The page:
Anyway, the differences and the similarities, struck me as noteworthy. Click the thumbnails for more detailed photos, and let me know what you think!!
Some friends of mine had these last year, and they were great. Obviously, well insulated means warm at night, and cool in the day – all wonderful things at BurningMan. However, they also kept the dust down, and kept the light out, so you could actually get some sleep after the beginning of sunrise.
Lets see how this experiment goes. So far, we’ve got all the parts cut, and taped. We’ve even tried some initial test placements, but never yet actually put it all together yet. Just in case, we’re still bringing tents from last year – after all, “what could possibly go wrong”!?!
Stay tuned – I’ll let you know how it went.
Every year at Burning Man, Emergency Services handles a range of incidents. Here’s an infograph showing incident data for the last 3 years, broken down by incident type.
The source data is freely published on afterburn.burningman.com, but I really like how they visualize the data. This layout is immediately familiar to burners and is visually intuitive – more incidents of a specific type == larger area for that type. Click on the thumbnail for a larger version, and spend a few minutes skimming details; it was interesting reading!
The authors (GOOD and Hyperakt) end with “Try not to get flown out by helicopter”!
The Burning Man Film Festival was in the Red Vic theatre on Haight Street this weekend; I almost missed it, but stopped by tonight to watch a few hours of assorted short films. This was a good way for me to remember the sights and sounds of it all – and of course, there was the inevitable mix of funny, sad, strange and very personal stories.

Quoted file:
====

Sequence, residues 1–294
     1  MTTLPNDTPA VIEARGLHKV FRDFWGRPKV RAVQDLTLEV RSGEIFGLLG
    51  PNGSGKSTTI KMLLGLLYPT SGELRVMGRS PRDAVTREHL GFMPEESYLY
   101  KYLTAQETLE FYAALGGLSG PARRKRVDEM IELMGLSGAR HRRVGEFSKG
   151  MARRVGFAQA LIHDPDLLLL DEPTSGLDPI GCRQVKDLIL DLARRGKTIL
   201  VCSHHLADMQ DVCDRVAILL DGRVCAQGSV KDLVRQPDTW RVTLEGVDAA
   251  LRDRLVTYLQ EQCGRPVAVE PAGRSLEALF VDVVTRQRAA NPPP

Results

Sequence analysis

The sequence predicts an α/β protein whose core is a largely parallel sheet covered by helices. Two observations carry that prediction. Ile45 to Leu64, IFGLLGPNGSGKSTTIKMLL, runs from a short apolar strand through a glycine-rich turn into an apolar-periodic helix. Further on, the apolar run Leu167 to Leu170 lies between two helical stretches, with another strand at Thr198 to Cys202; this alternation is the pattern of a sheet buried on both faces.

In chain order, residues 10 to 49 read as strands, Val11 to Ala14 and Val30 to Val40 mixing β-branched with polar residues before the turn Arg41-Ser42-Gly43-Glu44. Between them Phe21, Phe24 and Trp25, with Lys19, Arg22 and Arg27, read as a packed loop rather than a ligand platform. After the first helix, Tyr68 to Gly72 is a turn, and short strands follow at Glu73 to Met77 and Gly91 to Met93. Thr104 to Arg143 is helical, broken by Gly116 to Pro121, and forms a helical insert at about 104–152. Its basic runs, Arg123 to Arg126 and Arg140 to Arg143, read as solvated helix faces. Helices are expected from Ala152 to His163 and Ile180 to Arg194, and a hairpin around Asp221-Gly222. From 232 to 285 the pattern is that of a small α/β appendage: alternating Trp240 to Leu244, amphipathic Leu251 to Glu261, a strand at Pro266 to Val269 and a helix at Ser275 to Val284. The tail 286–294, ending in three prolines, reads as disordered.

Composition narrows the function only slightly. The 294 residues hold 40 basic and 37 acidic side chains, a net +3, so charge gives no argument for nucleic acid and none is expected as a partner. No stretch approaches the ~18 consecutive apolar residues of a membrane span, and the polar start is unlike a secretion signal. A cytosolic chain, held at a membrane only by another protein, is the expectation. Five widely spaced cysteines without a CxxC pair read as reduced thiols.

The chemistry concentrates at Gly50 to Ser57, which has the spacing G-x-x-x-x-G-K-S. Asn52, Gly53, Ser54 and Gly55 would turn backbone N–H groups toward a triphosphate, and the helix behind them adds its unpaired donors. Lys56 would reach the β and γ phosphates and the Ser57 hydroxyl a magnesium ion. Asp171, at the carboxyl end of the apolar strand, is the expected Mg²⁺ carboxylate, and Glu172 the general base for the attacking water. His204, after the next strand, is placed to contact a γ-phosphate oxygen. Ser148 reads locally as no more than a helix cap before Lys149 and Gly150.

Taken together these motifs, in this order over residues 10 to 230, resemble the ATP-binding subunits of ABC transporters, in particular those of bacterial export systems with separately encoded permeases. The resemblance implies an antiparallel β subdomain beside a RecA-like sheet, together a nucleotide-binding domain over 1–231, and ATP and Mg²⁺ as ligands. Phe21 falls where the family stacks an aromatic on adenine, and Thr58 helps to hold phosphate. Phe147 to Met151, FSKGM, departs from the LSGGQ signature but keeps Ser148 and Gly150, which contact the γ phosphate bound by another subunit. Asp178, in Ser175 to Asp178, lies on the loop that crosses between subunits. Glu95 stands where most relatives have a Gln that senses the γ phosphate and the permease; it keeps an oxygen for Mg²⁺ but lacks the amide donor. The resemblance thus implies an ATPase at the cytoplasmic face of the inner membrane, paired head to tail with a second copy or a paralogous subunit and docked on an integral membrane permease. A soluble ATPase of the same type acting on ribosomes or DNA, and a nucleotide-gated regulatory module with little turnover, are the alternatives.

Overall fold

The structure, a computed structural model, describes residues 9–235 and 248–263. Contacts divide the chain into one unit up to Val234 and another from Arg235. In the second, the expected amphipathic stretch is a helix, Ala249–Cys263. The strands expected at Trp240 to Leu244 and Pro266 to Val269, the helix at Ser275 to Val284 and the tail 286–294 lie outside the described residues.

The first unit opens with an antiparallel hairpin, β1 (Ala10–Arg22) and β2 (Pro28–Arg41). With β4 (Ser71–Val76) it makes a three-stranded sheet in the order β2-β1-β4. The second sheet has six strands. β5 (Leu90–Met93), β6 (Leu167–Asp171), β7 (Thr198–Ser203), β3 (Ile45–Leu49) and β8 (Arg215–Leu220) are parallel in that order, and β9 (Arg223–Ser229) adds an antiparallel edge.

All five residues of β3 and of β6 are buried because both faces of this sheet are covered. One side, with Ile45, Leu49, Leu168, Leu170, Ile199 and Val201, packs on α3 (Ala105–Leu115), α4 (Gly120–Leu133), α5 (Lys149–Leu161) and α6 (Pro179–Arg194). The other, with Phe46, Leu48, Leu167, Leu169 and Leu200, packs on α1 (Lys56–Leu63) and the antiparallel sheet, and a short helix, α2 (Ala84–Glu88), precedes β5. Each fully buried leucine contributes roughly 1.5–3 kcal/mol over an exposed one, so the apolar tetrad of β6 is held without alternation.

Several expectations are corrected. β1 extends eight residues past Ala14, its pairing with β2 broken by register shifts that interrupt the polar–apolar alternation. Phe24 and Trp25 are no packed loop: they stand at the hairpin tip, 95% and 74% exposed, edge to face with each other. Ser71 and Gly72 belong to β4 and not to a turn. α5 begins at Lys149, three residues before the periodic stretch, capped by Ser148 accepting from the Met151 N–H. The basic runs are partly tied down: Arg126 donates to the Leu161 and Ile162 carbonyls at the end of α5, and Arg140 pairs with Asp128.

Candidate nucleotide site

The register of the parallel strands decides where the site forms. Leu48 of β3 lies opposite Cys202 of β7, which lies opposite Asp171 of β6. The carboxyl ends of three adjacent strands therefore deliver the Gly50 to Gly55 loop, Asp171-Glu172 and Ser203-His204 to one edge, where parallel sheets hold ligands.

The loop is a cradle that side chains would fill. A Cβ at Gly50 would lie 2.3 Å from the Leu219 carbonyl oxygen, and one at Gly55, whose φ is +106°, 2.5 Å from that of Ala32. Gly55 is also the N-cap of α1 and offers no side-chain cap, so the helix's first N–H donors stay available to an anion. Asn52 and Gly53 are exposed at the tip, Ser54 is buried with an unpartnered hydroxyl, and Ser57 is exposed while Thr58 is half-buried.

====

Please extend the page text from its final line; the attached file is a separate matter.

One story that struck me particularly was “Burn on the Bayou” about Burning Man 2005, when Hurricane Katrina hit New Orleans and the rest of the Gulf Coast. This brought memories flooding back of people leaving Burning Man as news of the destruction spread; some driving all the way from Burning Man in Nevada, some flying to the nearest still-working airport, then figuring out something; some people trained disaster professionals going to do what they’d been training for, some people just going because they had to do something to help. Most ended up living there for months – one person from my camp moved there for a few years – and this became the start of Burners Without Boarders.
Five years later, the reconstruction continues. There are still BurnersWithoutBoarders helping along the Gulf and now facing the new problems caused by the BP oil spill. There are also BurnersWithoutBoarders in Haiti and other locations. If you are able to donate time or equipment or money, check out their website; these are hardworking folks in very trying circumstances making a difference each and every day.
The Icelandic volcano eruption is still causing significant travel disruptions in Europe, and looking to get worse. The news is covered with stories of entire countries closing their airspace for the first time, photos of stranded travelers in airports, stories of people taking taxis from England to Switzerland – all sounds bad. Even RelEng is impacted by these flight disruptions: we’re all meeting in Toronto this week, but sadly Rail is stuck in Moscow.
This picture from flightradar24.com posted a more understandable summary of the scale of the disruption. The combination of flight data with maps summed up the situation in a very intuitive way, and I really liked how they did this. Nice job, flightradar24.com .
(Oh, and before you ask why close entire country airspace for “some dust”, you should check out the stories about BritishAirways Flight#9 and KLM Flight#867 during other volcanic eruptions. Both ended well, but still…)
Watch this space – at some point focus of news will shift from the flight and economic disruption of this eruption to how this will change weather patterns.